End of Kafala in Qatar is just the beginning for major labour reforms
UNI Global Union General Secretary Christy Hoffman and Head of UNI Property Services Eddy Stam joined private security officers in Doha this week to learn first-hand about the impact recent changes to labour law—such as the end of the kafala system—are having on the lives of Qatar’s migrant workers.
Coming from some of the world’s poorest countries, including Nepal and Bangladesh, and working in sectors including construction, hospitality, security, maintenance, cleaning and domestic service, over two million migrant workers make up nearly 90 per cent of Qatar’s labour force.
The decision to hold the FIFA World Cup in Qatar in 2022 triggered a global outcry about the conditions of workers and resulted in a 2017 technical agreement with the International Labour Organization (ILO). The resulting major reforms came from years of pressure on Qatar from the global labour movement, led by the International Trade Union Confederation (ITUC) and human rights advocates.
“UNI will continue working to ensure that the commitments of the new legal framework become a reality. Among other things, these changes allow workers to raise grievances and further strengthen the commitment to free movement for workers,” said Christy Hoffman, General Secretary of UNI Global Union. “We are hearing from migrant workers that these changes are welcome, and they will have a positive impact for many. But enforcement remains a challenge, and private employers must do their part. Recruitment agencies still unlawfully require payments from workers, and security officers are not always truly free to change jobs as they desire.”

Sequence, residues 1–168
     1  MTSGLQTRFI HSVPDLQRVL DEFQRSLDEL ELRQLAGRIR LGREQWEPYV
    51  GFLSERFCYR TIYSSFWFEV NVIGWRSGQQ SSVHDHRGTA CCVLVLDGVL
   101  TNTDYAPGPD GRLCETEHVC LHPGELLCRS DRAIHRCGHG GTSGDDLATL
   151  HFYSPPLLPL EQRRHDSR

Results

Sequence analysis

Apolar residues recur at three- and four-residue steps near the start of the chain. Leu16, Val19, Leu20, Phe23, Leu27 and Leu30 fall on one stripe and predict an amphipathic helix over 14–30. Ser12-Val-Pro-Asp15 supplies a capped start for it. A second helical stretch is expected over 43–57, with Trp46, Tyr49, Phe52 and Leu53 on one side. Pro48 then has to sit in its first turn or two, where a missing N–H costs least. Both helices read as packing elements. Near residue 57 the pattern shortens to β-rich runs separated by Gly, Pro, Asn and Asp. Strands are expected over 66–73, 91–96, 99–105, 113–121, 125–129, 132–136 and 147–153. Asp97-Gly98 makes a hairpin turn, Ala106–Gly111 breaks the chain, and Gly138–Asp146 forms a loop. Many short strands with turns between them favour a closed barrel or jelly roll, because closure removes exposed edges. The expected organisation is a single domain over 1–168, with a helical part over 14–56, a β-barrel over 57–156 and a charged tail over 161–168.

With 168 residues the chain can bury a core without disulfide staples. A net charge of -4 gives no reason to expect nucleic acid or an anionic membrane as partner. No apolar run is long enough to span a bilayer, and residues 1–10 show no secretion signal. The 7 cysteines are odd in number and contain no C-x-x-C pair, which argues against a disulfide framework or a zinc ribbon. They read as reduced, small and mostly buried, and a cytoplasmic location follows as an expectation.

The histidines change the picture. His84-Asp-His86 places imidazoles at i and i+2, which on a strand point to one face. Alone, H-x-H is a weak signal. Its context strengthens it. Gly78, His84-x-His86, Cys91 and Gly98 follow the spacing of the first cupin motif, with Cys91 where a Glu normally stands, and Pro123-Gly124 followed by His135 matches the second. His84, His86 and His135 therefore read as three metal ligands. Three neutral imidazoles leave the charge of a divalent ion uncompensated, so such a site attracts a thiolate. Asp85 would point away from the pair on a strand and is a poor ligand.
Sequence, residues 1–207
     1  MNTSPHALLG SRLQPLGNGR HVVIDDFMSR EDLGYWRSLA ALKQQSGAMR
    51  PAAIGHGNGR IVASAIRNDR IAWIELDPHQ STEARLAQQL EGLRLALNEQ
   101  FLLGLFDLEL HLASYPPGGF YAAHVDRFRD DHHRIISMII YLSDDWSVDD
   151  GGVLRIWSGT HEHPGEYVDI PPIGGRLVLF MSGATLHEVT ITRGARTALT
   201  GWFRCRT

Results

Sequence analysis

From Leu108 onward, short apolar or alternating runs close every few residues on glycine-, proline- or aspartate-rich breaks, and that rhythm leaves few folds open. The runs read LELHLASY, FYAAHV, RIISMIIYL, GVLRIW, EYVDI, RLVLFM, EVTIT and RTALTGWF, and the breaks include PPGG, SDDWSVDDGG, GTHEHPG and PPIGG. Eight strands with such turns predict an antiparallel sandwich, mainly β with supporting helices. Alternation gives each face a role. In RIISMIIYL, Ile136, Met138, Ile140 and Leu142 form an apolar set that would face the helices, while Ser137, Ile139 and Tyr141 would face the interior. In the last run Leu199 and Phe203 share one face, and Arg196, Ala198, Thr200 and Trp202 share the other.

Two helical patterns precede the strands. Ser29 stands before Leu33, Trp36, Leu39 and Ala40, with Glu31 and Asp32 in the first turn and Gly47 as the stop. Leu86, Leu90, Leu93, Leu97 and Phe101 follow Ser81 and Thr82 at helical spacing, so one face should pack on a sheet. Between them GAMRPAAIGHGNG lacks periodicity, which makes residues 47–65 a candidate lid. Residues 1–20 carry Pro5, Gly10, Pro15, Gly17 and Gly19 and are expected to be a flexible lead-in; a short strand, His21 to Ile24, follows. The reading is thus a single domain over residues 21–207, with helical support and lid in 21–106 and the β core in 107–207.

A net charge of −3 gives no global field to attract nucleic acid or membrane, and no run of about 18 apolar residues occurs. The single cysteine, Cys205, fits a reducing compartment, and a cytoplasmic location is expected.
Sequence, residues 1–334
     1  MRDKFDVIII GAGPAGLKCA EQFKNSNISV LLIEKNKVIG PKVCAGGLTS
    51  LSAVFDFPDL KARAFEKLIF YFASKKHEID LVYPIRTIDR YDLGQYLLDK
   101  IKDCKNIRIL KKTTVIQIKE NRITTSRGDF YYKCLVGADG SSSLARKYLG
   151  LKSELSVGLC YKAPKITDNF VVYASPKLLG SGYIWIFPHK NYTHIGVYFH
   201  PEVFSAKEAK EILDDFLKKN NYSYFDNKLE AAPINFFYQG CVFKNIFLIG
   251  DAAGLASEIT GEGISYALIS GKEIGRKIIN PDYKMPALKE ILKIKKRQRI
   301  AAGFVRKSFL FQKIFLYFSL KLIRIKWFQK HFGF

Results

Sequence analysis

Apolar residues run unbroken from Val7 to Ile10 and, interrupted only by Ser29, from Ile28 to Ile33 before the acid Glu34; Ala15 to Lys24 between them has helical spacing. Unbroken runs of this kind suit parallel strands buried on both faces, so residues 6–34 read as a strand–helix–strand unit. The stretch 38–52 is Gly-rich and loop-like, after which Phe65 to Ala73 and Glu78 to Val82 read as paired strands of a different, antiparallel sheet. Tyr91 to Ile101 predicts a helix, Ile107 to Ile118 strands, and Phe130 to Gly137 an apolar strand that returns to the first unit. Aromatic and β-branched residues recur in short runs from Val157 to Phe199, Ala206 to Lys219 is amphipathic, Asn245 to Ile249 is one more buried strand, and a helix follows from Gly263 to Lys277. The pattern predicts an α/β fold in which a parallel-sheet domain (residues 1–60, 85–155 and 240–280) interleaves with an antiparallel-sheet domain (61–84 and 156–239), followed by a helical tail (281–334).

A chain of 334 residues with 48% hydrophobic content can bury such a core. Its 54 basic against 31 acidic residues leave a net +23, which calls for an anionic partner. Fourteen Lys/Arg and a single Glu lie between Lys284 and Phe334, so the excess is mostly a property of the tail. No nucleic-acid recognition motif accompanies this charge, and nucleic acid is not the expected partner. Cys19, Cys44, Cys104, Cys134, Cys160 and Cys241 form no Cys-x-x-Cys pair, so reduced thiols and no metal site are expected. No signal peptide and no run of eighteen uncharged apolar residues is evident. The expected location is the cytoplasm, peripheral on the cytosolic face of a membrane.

In discussions with workers, the need for additional reform was made clear.
“When I came here from Kenya six months ago, I paid a big fee to get this job, and it’s not what I expected. I’m working twelve hours a day, and I hardly ever get a day off--maybe only once or twice a month. The living conditions are still crowded, with eight or nine people sharing one room. I hope we can get some improvements,” said Daniel.*
“I have worked in Qatar for over six years as a guard. Over the years, I have seen some small improvement in conditions for the many security officers joining me here. We used to earn about 900 Qatari Riyals (USD $240), but now that I have been promoted, I am earning slightly more (about 1,200 Qatari Riyals, or USD$330) per month. I hope that the laws will be implemented, and we will benefit from our services,” said Peter,* who works in a security company.
While in Doha, UNI’s Hoffman and Stam met with the Qatari Assistant Undersecretary for Labour Affairs and ILO representative Houtan Homayounpour to discuss the big steps taken and the leaps ahead. “It's an honour and a challenge to be part of this process of reforms,” said UNI’s Eddy Stam.
Under the kafala system, employees were not allowed to change jobs or leave the country without employer approval. In 2018, the country's Council of Ministers adopted legislation to allow workers, including millions of migrant workers, to change jobs freely.
In January 2020, the 2018 law was expanded to cover workers who were originally excluded and to specifically ban the “No Objection Certificates” previously required from employers before a worker could change jobs. In addition, the Council of Ministers endorsed a new law to establish a non-discriminatory, evidence-based minimum wage, the first of its kind in the Gulf States.
UNI is currently promoting workplace education on the issues facing the growing private security industry in Qatar.
“We are building a network of security workers and worker committees, which advise, register and process grievances through the Qatari authorities. We also bring security guards together to understand their rights under the new laws,” said Head of Property Services Stam.
For over two years, UNI Global Union has been part of bi-annual meetings between Global Union Federations, the ILO and the Qatari Ministry of Labour (ADLSA), allowing UNI to participate and help guide and monitor the progress of the labour reforms.
With only 313,000 citizens, Qatar’s swift modernization has depended on over 2.3 million foreign workers, mostly from Asian and African countries, who worked under the kafala system. Largely due to the 2022 FIFA World Cup and the rise of the tourism sector, the number of migrant workers has exploded in recent years to fulfil the country’s constant need for rapid construction.
As champions and promoters of social dialogue, UNI will continue to support the process of labour reforms, to the benefit of migrant workers in the state of Qatar.
*The workers named have asked to use a pseudonym.